Harold responded that they had just returned from the successful campaign in Brittany and it was his understanding that Duke William was planning a feast in celebration and as a send-off to him and his men as they left for England on a boat that Duke William was finally providing. Duke William also gave him a suit of armor at that time and told him it was for saving the lives of his men and also so that he would be suitably attired when the duke knighted him.
“Had Duke William said anything about knighting you before he gave you the armor?” asked Leofwine.
“No, he had not.”
“When did the duke first mention swearing an oath of fealty to him?”
“After the feasting, and after he had knighted me, an altar and casket were brought out and the duke said I was to swear an oath of fealty to him. I was surprised and a bit confused. I hesitated, not quite knowing what to do about it.”
“Would you explain to the Court why you were hesitant and confused about taking an oath of fealty to William?”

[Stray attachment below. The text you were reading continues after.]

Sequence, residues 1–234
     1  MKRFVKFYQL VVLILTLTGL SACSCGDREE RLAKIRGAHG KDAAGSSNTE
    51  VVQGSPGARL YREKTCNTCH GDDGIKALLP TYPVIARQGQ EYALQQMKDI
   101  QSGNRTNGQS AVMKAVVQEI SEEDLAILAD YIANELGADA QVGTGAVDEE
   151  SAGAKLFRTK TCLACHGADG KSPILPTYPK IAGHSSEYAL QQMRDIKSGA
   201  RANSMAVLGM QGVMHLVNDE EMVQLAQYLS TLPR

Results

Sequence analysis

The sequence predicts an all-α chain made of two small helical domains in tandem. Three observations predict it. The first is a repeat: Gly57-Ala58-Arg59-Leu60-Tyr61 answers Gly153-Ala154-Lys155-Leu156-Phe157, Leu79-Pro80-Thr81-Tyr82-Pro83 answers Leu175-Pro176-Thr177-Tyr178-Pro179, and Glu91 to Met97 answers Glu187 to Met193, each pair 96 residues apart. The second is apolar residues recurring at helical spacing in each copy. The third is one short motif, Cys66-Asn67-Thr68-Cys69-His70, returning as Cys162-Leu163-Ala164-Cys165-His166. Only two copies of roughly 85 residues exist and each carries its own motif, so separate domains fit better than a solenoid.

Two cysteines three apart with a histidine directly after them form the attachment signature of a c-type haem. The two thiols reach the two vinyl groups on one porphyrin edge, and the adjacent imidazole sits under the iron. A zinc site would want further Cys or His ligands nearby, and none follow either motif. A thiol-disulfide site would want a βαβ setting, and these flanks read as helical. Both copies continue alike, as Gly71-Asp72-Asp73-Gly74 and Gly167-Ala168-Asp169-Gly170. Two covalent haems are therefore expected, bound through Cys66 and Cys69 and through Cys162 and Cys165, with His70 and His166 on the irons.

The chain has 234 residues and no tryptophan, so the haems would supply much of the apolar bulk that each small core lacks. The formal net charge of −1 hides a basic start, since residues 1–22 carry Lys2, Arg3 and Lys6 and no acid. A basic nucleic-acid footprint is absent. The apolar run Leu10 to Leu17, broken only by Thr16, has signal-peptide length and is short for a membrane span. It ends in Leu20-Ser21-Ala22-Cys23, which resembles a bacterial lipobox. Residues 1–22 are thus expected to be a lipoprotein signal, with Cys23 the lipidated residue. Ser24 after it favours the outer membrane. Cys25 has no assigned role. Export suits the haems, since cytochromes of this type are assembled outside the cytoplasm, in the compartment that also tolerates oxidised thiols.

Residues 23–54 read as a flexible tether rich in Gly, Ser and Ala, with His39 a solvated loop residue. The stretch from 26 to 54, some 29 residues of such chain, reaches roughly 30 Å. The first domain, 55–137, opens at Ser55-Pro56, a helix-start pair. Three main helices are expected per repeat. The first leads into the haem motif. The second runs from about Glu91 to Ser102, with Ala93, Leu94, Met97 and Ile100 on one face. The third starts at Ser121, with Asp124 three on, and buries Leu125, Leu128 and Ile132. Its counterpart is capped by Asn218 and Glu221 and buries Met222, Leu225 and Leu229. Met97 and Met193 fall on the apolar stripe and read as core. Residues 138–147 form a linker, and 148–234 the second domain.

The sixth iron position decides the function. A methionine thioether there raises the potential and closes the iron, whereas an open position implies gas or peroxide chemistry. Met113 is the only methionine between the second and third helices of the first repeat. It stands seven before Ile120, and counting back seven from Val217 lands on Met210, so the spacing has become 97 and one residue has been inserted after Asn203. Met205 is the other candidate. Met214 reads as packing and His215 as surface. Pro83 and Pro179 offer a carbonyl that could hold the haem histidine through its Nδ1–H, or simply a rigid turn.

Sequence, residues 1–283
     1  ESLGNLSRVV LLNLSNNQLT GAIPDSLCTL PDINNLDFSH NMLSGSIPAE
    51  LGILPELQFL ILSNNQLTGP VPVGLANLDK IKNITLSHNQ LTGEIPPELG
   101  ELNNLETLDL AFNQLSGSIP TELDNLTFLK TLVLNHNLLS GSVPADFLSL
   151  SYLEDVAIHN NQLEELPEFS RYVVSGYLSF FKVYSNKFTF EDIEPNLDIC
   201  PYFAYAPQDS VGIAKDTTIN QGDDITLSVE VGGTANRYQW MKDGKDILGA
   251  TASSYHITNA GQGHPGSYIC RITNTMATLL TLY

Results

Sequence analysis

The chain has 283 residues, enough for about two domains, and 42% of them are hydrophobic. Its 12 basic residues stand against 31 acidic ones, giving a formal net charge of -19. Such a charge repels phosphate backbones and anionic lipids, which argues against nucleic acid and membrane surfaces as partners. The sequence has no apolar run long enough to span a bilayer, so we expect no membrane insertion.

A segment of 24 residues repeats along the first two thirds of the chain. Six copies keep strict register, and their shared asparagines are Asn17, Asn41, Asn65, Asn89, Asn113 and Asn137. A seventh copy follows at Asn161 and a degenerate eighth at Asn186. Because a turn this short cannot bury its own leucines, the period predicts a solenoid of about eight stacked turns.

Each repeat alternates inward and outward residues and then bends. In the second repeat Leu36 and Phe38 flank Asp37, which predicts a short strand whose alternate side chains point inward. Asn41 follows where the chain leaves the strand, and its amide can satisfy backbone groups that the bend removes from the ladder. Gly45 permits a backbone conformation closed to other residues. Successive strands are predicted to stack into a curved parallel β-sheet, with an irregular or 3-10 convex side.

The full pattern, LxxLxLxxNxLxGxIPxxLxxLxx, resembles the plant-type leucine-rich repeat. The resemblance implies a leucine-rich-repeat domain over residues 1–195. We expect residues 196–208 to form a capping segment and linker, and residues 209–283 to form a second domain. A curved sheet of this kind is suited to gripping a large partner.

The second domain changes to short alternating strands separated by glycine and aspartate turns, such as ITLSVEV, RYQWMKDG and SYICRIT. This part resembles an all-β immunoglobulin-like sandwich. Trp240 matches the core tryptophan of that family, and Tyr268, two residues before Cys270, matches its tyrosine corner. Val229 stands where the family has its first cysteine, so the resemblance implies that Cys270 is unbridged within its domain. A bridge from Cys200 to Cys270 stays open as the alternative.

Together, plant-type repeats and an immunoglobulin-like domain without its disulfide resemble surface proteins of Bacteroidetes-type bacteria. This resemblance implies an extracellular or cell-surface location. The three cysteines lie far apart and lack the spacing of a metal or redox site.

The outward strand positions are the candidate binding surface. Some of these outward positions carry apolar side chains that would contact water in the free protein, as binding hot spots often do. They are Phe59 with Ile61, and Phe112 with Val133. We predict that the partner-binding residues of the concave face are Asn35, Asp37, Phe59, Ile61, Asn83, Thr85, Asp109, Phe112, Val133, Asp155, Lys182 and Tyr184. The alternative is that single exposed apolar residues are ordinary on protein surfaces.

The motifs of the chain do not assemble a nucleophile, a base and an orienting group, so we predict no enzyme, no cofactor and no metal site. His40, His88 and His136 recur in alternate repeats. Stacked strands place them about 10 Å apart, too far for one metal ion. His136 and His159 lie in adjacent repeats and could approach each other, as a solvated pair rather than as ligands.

“I was hesitant because I didn’t see the point of an oath, or even the knighting, for that matter. I had already demonstrated that I was willing to help protect Duke William’s interests in Normandy by joining him in the Brittany campaign. I had even saved the lives of two of his men at that time. And this was true even though my several requests for a boat to enable our return to England had fallen on deaf ears. My country and his duchy had long maintained ties of cooperation, so what purpose could my individual oath to William in Normandy serve?”
“You just mentioned that you also didn’t see the point of the knighting. Why was that?” continued Leofwine.
“Well, first and foremost, I had no need or even any particular desire to become a knight of Normandy. At that time, in England, only King Edward was more powerful than I, and I actually had more personal wealth than King Edward. The lands I controlled in Wessex were three quarters the size of the duke’s Normandy. If you considered my brothers holding as well, the Godwinesons controlled an area larger than Normandy. Knighting was a meaningless gesture to me, but if William wanted to do it, I would go along with it. If I was ever in Normandy again, it might be useful.”